Posts Tagged ‘Know Thyself’

Hawk and Moon

October 4, 2013

A line from one of my favorite movies ever, Thunderheart, has stayed with me in the two decades since I first saw it. The film tells the story of an FBI agent played by Val Kilmer called to a Native American reservation to investigate a murder. Since this agent is partly Sioux in his bloodline, the government sends him hoping to soften the residents of the reservation toward him so they will cooperate with the investigation. He is, however, a hot shot with no interest in being identified as Sioux; to him they are primitive, foolish and out of touch with modernity. When he finds himself in the company of their most respected elder, a translator delivers the words of a vision the elder is having – the agent has great standing in this community as a warrior (and the movie goes on to describe why this is so) but, in his present awareness the elder says to him “You are as far from yourself as a hawk is from the moon.”

The story is epic to me. It describes perfectly, in my mind, our modern dilemma as humans. We simply have forgotten who we are. We are as far from ourselves as a hawk is from the moon.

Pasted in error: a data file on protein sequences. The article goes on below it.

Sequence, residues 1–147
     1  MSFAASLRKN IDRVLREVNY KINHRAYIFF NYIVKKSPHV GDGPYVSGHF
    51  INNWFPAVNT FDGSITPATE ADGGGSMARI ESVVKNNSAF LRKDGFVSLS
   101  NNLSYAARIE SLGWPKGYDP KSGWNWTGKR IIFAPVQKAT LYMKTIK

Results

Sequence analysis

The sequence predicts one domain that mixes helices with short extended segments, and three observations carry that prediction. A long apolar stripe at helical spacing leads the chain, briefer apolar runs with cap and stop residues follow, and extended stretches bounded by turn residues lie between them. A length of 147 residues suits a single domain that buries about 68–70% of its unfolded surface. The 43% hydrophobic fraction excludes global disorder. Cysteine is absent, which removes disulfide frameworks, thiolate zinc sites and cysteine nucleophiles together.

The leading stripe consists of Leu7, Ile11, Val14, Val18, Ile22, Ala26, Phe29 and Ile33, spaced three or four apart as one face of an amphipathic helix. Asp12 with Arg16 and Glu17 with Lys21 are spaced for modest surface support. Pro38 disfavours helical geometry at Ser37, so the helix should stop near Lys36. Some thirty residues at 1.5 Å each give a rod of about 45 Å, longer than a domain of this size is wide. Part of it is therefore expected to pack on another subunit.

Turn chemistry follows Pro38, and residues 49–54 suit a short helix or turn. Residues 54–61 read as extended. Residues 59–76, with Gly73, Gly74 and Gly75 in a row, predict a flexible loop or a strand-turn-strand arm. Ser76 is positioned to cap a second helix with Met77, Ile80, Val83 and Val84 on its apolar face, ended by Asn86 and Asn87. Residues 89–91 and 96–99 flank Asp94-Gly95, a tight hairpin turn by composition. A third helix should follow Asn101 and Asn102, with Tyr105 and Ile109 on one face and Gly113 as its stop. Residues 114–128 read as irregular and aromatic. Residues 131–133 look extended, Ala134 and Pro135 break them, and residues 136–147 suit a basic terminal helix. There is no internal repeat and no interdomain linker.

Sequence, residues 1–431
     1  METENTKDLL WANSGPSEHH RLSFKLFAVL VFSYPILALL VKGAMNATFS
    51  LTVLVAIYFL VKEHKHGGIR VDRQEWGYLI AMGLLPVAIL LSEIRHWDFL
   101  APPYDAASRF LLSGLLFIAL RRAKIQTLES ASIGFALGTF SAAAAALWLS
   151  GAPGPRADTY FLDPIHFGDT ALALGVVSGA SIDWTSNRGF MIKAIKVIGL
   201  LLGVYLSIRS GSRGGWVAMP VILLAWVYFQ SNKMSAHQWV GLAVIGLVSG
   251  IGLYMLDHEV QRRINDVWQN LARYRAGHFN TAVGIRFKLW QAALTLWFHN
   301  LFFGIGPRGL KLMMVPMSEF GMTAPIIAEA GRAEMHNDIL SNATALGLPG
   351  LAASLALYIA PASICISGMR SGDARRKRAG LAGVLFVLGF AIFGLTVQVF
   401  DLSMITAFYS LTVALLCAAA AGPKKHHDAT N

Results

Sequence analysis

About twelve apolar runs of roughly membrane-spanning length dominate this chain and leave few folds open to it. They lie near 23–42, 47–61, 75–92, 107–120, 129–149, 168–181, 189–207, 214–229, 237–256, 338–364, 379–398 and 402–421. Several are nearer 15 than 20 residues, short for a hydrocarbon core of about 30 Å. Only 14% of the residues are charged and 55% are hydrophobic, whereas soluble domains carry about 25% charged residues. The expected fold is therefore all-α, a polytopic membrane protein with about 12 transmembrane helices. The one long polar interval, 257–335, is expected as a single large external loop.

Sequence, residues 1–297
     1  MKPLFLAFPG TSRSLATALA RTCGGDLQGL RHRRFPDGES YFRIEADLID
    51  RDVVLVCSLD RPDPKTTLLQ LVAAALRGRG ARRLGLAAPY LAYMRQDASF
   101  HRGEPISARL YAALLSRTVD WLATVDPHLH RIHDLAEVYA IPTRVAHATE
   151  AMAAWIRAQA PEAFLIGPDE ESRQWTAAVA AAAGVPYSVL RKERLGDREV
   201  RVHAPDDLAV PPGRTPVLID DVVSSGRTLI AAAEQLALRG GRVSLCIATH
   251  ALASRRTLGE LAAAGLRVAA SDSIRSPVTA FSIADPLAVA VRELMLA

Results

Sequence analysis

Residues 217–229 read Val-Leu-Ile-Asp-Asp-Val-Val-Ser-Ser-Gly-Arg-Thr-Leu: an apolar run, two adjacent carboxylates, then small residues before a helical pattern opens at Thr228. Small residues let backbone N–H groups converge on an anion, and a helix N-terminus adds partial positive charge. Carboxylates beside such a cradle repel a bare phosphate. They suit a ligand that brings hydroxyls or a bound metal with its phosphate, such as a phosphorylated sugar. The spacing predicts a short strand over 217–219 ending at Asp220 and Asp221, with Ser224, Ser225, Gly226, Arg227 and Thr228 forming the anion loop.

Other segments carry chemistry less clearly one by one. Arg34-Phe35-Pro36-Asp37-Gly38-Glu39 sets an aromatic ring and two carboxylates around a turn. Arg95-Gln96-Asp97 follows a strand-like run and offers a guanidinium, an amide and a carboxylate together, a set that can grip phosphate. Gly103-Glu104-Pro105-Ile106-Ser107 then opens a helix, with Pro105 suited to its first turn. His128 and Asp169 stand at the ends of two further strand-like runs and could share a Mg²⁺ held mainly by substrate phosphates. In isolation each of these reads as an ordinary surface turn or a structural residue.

How modernity has led us into this distant wilderness is a topic discussed thoughtfully by eco-theologians, eco-psycholgists, depth psychologists, and many social, anthropological and spiritual analysts. The simple fact remains that each of us, as individuals, have work to do to remember who we are. We have been forgotten. We are forgotten. We forgot. But we can, and must remember.

Who am I? Who am I? Who am I? This may be the most profound meditation a human can consider. The layers of this question will quickly take one past narcissistic and individualistic ideations into a deeper story of identity.

I write about this now because for some reason I keep witnessing the question surfacing in my mind and in the minds of friends, clients and colleagues. I wonder if this might be a result of the shift suggested in the calendar that moved us through 2012 and into a next phase of earth’s evolution. Old answers and old assumptions about who we are – individually, collectively and planetarily – don’t seem to hold power in the same way. People are casting about, bravely, with this question.